The solid charm squares though, I was inspired to use right away.
If you're curious, I made the arrows by cutting each charm square (which is 5 x 5) in half, and then cutting one of the halves to be 4.5 to use in the flying geese (goose?) half. Here's a diagram of a finished arrow unit.
As far as the name goes, it came from a book my brother had called Mad Mazes. It had a set of mazes that were made up of arrows, and the story that went with the maze was something about Apollo and Diana.
I couldn't find many photos of it online (and the book is at home so I can't scan it) but this is one of the puzzles. I don't recall the rules off hand, but I like all the arrows.
I had 43 charm squares, and if I'd added two more colors it would have made almost a perfect crib sized quilt, but I chose to leave out three of the arrows. The finished size is around 44 x 55, which is a little odd, but I think it will make an okay lap quilt.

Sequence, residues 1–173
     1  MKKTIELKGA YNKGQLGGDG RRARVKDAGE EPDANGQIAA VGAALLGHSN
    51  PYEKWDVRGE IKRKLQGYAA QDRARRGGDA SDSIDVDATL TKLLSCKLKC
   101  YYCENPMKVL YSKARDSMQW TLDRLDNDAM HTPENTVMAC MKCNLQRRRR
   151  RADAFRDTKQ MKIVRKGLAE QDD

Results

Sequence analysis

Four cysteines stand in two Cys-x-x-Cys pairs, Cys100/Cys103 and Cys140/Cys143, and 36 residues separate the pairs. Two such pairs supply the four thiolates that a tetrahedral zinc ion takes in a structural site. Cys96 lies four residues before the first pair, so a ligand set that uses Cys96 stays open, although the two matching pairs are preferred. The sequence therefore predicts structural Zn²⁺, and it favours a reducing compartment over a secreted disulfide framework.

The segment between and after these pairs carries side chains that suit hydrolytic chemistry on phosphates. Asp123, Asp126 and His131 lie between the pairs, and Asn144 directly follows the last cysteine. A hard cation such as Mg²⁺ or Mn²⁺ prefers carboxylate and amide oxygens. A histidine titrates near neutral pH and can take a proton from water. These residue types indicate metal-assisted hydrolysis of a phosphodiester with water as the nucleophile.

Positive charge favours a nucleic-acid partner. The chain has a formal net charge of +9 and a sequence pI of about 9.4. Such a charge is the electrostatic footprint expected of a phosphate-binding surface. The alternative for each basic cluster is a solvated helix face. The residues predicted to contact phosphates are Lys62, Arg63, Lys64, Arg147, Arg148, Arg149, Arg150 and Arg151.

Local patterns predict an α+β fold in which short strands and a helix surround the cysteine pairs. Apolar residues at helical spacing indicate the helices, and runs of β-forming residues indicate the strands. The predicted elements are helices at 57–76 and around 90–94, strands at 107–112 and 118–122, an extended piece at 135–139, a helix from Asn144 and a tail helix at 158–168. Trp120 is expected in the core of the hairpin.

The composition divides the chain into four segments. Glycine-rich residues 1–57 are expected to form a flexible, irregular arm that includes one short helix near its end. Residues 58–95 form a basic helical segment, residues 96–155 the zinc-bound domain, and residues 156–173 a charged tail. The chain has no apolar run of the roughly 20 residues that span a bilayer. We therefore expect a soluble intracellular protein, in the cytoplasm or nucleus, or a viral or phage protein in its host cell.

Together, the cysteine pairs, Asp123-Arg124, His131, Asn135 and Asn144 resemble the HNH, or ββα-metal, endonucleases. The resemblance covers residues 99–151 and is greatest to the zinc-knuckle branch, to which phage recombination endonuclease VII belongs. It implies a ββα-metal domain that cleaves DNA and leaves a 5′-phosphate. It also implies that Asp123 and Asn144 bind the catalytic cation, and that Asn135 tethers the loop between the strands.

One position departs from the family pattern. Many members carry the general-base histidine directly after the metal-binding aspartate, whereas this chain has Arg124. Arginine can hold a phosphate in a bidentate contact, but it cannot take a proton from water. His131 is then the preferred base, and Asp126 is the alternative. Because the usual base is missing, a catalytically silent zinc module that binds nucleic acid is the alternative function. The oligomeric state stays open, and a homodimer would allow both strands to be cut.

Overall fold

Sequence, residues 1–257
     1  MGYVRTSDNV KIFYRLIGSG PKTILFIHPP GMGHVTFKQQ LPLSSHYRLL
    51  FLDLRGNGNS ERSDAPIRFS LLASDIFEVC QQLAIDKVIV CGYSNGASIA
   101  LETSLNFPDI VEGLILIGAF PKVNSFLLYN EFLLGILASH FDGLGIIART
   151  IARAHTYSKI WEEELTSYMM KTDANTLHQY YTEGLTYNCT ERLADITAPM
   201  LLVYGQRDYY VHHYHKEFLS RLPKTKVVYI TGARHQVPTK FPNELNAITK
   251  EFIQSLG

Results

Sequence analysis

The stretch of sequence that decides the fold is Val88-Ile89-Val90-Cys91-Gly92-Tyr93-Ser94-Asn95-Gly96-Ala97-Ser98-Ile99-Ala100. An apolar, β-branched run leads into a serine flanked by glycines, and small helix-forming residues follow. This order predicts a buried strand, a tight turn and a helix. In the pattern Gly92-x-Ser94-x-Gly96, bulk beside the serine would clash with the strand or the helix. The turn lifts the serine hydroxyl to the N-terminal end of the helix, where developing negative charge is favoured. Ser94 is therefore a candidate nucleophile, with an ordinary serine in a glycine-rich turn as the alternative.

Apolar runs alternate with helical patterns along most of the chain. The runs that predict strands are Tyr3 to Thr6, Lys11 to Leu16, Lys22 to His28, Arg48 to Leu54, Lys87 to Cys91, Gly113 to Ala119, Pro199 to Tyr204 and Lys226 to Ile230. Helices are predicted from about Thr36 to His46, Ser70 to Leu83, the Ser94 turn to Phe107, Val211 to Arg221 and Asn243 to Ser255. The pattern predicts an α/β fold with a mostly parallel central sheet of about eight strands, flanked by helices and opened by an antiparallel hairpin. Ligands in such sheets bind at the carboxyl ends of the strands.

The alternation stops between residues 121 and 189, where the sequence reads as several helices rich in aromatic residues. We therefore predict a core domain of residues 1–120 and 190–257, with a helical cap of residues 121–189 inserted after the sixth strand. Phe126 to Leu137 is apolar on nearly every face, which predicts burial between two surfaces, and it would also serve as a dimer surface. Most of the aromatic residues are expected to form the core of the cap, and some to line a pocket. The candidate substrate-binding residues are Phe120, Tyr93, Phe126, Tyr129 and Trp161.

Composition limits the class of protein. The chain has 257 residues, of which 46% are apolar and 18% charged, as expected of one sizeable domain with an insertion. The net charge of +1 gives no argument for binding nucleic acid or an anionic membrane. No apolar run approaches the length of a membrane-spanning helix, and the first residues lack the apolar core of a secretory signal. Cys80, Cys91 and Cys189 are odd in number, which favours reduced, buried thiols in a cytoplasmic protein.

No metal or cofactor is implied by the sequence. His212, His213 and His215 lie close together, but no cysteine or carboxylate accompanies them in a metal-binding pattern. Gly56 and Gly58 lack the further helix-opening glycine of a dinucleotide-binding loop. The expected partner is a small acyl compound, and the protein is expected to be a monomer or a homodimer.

I've been working on it at camp, and it's been a different experience working on a quilt in a semi-public space. Other staff members will sometimes come by and chat while I'm working, or ask questions. I'm glad that I finally broke and brought my sewing machine. I have too many ideas rolling around in my head not to sew for the 2 months that I'm working here.
This is camp.
The view makes up for the fact that I'm sleeping in a bunk bed all summer. Although, since it's ten degrees cooler here than in Portland, and it always cools down at night it's a pretty sweet set up.
I work in this building. Not to shabby.
The whole camp was built in the 1930's by the Civilian Conservation Corps, so everything is very lovely, as is the whole Silver Falls State park. I can't believe there are only four more weeks until I'm back in Portland and back to a normal life. Summer always goes by too fast.